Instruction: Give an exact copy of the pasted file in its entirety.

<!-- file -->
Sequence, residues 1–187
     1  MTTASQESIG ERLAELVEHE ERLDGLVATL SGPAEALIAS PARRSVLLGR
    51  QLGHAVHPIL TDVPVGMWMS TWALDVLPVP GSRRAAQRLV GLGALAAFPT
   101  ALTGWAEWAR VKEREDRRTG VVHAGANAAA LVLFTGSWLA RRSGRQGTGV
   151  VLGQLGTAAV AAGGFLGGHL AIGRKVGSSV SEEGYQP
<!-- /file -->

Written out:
Sequence, residues 1–187
     1  MTTASQESIG ERLAELVEHE ERLDGLVATL SGPAEALIAS PARRSVLLGR
    51  QLGHAVHPIL TDVPVGMWMS TWALDVLPVP GSRRAAQRLV GLGALAAFPT
   101  ALTGWAEWAR VKEREDRRTG VVHAGANAAA LVLFTGSWLA RRSGRQGTGV
   151  VLGQLGTAAV AAGGFLGGHL AIGRKVGSSV SEEGYQP